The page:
Title Page, Copyright

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Contents

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p. vii

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Preface

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pp. ix-xii

It would be foolish to claim that women do not use violence. Globally, women have been leaders or participants in political revolutions, protests against government, and acts of terrorism (Dasgupta 2002). In the most private of spheres, the home...

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Acknowledgments

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pp. xiii-xiv

A book of this scope incurs a lot of gratitude, both personal and professional. The seeds of this project began to grow in 1994, when I was invited by Claire M. Renzetti to write a summary piece for a special issue of Violence and Victims. In the journal, Kevin Hamberger and Theresa Potente’s article about the implications of treatment...

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Chapter 1: Defining the Dilemma

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pp. 1-13

These statements illustrate the varied situations experienced by many women who find themselves arrested on domestic violence charges by an incident-driven criminal justice system that responds uniformly to cases of domestic violence without examining the motivations and consequences of such acts.1 In the two examples...

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Chapter 2: The Controversy about Women’s Use of Force

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pp. 14-37

Under certain circumstances, women can be as aggressive as men (Bandura 1973; White and Kowalski 1994). There is a vast difference, however, between aggression and violence used in self-defense against an aggressor. The removal of the violent...

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Chapter 3: The Research Project: Female Offenders and the Criminal Justice System

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pp. 38-49

The material presented in this book reflects the culmination of a three-year research project. Through my various professional connections and friendships within the domestic violence community in a mid-Atlantic state, people would tell me about their...

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Chapter 4: On the Boat: The Police Ride- Along Study

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pp. 50-76

As the initial responders to a domestic violence call for help and as the “street level” interpreters of the law, police play an integral part in implementing domestic violence policy. Day in and day out, police are exposed to people’s problems and have to interpret people’s behavior, officially responding to it within the parameters...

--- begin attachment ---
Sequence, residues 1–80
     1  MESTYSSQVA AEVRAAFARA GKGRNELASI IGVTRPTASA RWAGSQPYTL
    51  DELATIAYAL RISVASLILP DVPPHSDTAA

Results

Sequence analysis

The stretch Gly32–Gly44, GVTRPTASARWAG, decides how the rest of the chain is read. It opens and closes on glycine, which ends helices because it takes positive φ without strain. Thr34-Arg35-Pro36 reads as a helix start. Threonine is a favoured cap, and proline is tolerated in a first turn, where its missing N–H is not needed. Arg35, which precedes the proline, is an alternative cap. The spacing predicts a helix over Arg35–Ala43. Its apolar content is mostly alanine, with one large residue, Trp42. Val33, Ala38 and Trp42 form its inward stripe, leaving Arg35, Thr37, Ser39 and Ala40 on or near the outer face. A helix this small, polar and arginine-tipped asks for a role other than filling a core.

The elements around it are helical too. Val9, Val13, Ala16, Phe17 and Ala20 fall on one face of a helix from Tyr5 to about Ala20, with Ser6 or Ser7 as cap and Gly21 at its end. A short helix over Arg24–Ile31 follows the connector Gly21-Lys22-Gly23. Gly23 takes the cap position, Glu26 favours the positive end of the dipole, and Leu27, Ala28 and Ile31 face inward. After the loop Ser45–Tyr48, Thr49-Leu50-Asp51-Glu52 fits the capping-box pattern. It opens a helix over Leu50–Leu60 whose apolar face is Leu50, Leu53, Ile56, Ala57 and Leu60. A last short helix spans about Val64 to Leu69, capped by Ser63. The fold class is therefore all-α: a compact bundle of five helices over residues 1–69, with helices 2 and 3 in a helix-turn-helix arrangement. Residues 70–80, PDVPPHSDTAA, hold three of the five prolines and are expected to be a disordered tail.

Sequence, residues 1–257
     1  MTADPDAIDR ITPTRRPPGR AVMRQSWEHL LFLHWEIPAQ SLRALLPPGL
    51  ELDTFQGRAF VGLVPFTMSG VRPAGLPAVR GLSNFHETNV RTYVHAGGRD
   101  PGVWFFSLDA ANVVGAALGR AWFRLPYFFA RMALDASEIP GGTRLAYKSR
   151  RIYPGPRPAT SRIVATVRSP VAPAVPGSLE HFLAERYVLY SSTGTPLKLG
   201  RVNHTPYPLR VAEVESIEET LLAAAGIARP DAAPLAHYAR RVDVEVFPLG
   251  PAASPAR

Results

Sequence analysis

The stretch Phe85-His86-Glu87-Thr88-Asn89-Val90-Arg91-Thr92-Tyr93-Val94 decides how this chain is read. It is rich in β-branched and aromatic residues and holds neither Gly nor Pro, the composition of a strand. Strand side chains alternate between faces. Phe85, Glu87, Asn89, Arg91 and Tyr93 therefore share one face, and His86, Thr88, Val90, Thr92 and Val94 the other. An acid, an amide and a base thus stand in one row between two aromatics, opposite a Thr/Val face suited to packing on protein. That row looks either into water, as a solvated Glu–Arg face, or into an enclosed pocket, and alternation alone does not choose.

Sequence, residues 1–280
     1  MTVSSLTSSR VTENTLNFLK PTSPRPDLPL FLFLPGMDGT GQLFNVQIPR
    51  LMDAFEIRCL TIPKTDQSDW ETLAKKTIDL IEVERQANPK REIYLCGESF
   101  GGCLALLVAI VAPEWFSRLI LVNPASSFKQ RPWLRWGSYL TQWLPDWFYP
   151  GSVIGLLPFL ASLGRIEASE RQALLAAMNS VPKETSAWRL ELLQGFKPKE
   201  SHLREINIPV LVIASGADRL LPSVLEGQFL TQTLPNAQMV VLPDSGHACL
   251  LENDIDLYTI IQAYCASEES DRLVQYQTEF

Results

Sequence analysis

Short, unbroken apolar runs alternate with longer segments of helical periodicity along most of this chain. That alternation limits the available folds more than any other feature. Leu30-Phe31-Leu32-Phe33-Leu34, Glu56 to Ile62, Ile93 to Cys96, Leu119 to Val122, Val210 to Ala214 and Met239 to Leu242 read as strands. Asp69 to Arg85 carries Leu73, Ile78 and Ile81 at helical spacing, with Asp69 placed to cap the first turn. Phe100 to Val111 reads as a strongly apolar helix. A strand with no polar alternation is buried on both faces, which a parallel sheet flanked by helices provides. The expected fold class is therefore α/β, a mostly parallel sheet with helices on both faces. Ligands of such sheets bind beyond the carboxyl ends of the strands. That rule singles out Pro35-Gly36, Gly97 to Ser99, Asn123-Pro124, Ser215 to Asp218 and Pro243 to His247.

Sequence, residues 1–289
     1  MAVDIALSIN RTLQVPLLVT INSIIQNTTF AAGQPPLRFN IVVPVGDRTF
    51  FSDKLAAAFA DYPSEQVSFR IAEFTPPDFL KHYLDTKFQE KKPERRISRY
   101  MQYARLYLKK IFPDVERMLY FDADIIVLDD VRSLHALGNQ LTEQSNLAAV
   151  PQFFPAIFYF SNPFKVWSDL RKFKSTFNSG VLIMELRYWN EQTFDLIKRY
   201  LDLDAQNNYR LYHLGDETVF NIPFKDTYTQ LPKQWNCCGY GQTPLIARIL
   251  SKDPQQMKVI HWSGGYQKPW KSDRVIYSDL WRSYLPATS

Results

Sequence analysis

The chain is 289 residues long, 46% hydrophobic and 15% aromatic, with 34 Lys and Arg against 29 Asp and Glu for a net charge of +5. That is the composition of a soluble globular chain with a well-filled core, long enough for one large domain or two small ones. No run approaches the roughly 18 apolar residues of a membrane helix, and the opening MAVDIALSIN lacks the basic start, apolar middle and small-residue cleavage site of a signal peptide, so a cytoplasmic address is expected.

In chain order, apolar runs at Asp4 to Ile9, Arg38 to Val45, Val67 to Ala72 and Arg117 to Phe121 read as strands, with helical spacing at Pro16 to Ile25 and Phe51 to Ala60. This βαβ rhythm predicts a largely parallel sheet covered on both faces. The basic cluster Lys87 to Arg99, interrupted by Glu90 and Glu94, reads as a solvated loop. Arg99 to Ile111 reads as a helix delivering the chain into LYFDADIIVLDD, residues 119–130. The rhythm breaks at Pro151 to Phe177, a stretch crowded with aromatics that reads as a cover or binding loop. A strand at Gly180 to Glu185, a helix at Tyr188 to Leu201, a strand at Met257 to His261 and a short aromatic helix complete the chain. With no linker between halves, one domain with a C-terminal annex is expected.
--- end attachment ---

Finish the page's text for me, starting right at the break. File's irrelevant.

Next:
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Chapter 5: After Arrest: Criminal Justice Professionals and Social Service Providers

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pp. 77-90

This chapter focuses on the perceptions and experiences of criminal justice professionals and social service providers who play a direct role in addressing the issue of women arrested for domestic violence.1 Thirty-seven structured, indepth interviews were...

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Chapter 6: A Day in the Life: Inside a Female Offender’s Treatment Group

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pp. 91-112

This chapter accomplishes two goals. First, it documents the process of a female offender’s treatment group, and second, it describes the ongoing themes that characterize the sessions within an analytical framework. Each session consists of a ninety-minute block of time, and I have reconstructed a typical group meeting by using...

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Chapter 7: The Contexts of “Violent” Behavior

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pp. 113-129

This chapter explores the different types of behavior exhibited by women that led them to be arrested on domestic violence charges.1 To reiterate some information about the research design from chapter 3, weekly participant observation of the three treatment...

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Chapter 8: Implications

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pp. 130-144

Regardless of their role in the system or the nature of their experiences with violent women, respondents in this study unanimously agree that women’s violence differs significantly from men’s violence. While not all violence stems from women’s...

Appendix

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pp. 145-150

Notes

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pp. 151-154

References

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pp. 155-168

Index

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pp. 169-176

About the Author

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p. 177